Disclosure of off-label usage: The authors have determined that, to the best of their knowledge, no investigational information about pharmaceutical agents that is outside US Food and Drug Administration-approved labeling has been presented in this article.

Author affiliations: Department of Psychology, University of North Carolina at Greensboro (Dr Wisco); National Center for PTSD, US Department of Veterans Affairs (VA) Boston Healthcare System and Department of Psychiatry, Boston University School of Medicine, Boston, Massachusetts (Drs Marx, Wolf, and Miller); and National Center for PTSD, VA Connecticut Healthcare System, and Department of Psychiatry, Yale University School of Medicine, New Haven, Connecticut (Drs Southwick and Pietrzak).

Author contributions: Dr Wisco had full access to all the data in the study and takes responsibility for the integrity of the data and the accuracy of the data analysis. All authors contributed to the study concept and design and revised the manuscript for important intellectual content. Drs Southwick and Pietrzak acquired the data, Drs Pietrzak and Wisco contributed to the statistical analyses, and Dr Wisco drafted the manuscript.

Financial disclosure: Dr Pietrzak is a scientific consultant to Cogstate, Ltd for work that bears no relationship to the present study. Drs Wisco, Marx, Wolf, Miller, and Southwick have no personal affiliations or financial relationships with any commercial interest to disclose relative to the article.

Funding/support: This study was funded by the VA National Center for Posttraumatic Stress Disorder and a private donation. Dr Marx was supported by funding from the National Institute of Mental Health (1R01MH095737-01A1), Department of Defense (W81XWH-10-2-0181, W81XWH-12-2-0117-PTSD-IIRA-INT), Defense Advanced Research Programs Agency (N66001-11-C-4006), and the VA (Cooperative Studies Program #591). This work was supported by a Career Development Award to Dr Wolf from the VA Clinical Science Research and Development Program. Dr Miller’s contribution was supported by a VA Clinical Science Research and Development Merit Review Award.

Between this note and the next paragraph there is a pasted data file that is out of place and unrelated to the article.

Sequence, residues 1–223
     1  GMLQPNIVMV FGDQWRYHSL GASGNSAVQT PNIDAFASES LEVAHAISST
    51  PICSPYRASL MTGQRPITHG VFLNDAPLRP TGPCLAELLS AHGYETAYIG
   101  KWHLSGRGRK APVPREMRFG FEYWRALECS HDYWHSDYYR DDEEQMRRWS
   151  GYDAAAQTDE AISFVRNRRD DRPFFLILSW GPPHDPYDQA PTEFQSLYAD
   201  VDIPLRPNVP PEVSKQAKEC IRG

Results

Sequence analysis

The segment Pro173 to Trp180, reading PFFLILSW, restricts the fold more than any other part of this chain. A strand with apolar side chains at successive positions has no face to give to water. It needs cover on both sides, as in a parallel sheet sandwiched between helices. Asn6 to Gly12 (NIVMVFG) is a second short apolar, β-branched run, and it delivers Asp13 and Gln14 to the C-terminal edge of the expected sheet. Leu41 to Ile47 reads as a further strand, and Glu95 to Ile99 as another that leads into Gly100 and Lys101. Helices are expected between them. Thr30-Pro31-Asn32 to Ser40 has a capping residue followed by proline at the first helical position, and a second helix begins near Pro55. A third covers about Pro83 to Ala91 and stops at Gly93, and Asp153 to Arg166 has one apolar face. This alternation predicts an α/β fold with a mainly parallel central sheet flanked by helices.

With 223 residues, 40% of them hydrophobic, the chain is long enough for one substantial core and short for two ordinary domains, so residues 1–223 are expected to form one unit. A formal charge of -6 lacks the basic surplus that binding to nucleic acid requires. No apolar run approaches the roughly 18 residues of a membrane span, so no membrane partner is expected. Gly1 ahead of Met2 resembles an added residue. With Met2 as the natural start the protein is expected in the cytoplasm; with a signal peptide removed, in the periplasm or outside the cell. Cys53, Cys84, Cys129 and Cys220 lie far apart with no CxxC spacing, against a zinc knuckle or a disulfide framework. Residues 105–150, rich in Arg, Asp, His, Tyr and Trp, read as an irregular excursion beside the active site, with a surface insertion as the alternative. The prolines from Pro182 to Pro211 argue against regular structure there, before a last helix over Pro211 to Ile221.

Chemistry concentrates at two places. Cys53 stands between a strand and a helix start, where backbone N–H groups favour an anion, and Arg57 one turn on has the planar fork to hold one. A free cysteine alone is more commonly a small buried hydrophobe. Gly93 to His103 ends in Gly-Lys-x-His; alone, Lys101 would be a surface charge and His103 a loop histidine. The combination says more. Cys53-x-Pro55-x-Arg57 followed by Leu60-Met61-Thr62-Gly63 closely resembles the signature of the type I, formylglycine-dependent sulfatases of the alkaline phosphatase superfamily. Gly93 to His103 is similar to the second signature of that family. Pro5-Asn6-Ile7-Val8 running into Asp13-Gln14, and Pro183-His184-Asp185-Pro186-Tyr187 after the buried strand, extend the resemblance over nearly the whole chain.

Role of the sponsors: The study sponsors had no role in the study design, collection, analysis, or interpretation of data; writing of the report; or the decision to submit the report for publication.

Disclaimer: The views and opinions expressed in this report are those of the authors and should not be construed to represent the views of sponsoring organizations, agencies, or the US government.

Acknowledgment: The authors thank Annie LeDoux, BA, VA Boston Healthcare System, who assisted with formatting of this article. Ms LeDoux has no conflicts of interest to disclose.

Additional information: The VA National Center for PTSD funded data collection for the National Health and Resilience in Veterans Study (NHRVS). Individuals interested in collaborating on NHRVS-related projects should contact Dr Pietrzak (